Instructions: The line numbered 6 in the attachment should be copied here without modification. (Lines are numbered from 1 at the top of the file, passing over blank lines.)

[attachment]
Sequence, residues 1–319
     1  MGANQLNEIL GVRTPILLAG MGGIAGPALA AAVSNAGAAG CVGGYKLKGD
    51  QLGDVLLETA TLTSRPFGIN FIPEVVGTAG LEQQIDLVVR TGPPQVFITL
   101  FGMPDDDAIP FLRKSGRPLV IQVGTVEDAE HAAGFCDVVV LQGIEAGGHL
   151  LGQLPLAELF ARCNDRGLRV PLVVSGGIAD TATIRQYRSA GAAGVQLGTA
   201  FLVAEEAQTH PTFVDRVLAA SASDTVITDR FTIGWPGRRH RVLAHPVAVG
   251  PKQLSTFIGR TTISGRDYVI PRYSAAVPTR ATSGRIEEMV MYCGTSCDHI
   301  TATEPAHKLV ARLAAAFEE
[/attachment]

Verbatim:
   201  FLVAEEAQTH PTFVDRVLAA SASDTVITDR FTIGWPGRRH RVLAHPVAVG